Tuesday, February 26, 2008

Eighth Graders Mapping a Safer Neighborhood

A new addition to the technology and social studies curricula at Spain Middle School in Detroit has students mapping their neighborhood with Geographic Information Systems (GIS) software.

In a program called Mapping Out a Safer Community, run by the Urban Safety Program of the Wayne State University College of Urban Labor and Metropolitan Affairs, college faculty train eighth-grade students at Spain Middle School to use GIS software and PocketPCs to map various hazards in their school's neighborhood. The project, as reported by Ellen Delisio in Education World, is intended to help students learn about and advocate for their neighborhoods.

At the Wayne State University Taking Stock of Neighborhoods web page, the project is further described:
Using PocketPCs, students map locations and characteristics of dangerous properties, take photographs, and research property ownership. They also set priorities and identify the most problematic locations near their school. Properties with the most egregious violations, known as “The Dirty Dozen”, offer a compelling picture of hazards Detroit children face daily. This information is presented to community leaders and city officials who attempt to correct dangerous situations.
The computer technology teacher at Spain Middle School, Debra Blocker, said the program gives "students an awareness of their community and their surroundings and how they can improve it and be involved." Lessons in technology are combined with lessons in civics, geography, local government and community activism. For example, Global Positioning Receivers attached to the PocketPCs give students in the field precise locations, especially important for problem properties that may have no visible or clearly indicated address. Identifying an address is the first step in finding an owner, says David Martin, a research professor at Wayne State who has worked with Spain students.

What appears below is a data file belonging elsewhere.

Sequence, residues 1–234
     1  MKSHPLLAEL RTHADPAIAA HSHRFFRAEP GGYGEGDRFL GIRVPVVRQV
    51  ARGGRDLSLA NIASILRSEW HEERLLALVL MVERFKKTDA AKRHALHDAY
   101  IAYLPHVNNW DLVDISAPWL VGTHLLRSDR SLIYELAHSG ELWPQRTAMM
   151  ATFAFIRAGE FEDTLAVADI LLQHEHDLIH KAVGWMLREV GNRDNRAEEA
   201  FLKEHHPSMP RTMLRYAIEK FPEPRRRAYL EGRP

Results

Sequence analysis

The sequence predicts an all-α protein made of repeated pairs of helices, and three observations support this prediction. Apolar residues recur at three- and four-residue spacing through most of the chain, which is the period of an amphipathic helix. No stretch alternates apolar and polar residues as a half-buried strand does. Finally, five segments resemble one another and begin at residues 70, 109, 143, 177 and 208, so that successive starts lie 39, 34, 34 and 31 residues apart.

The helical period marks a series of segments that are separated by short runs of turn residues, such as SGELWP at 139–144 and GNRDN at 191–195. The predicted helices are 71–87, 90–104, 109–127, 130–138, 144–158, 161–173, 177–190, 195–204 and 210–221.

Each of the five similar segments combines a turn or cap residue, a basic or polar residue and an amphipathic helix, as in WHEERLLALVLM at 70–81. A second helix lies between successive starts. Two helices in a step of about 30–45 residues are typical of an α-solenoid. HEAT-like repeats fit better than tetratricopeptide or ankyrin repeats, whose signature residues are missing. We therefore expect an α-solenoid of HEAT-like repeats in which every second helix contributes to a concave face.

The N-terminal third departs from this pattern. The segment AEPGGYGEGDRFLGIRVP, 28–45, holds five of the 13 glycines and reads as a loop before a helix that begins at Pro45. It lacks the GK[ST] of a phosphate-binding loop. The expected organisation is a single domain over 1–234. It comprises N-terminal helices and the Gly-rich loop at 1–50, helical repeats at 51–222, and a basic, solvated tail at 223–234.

In addition, students get to see results of their field and classroom work -- students prepare PowerPoint presentations for the city council and see change happen. In one case, students presented data that clearly showed a 50% increase in abandoned houses in one neighborhood alone, prompting county prosecutors to increase enforcement in the area. This hands-on aspect to the program makes it a popular one, says Blocker: "They get excited when they see their streets on the Internet, and can identify different landmarks. It gives them a different way to address problems. We have full attendance on those days."

Interactive Adobe Scalable Vector Graphics (SVG) maps from the middle school project can be found at the Wayne State University website. ESRI's website offers more information on GIS and mapping software. Try the link especially for educators.

SOURCE: "Students Map Neighborhoods With GIS" 05/30/06
SOURCE: "Taking Stock of Neighborhoods: Geographic Information Systems Capacity Building"
photo courtesy of Phanatic, used under this Creative Commons license


Steve O'Keefe said...

Having grown up in the Detroit area myself, I wanted to get a look at some of these student maps. Unfortunately, I couldn't get the interactive maps to work on my Mac computer.

There's no explanation offered on the GIS site as to why some of the maps are missing. Under the heading "Project Status" there is no information. It's possible this experiment in mapping has ended.

As a kid, I would have loved to play with maps like these -- to show monsters on one map and buried treasure on another. What a fun way to learn about how to use maps.

Dedra Johnson said...

It's unfortunate that some of the maps are unavailable. They are great informational tools and examples for other students, teachers and schools to follow. Perhaps contacting the school or program itself can help?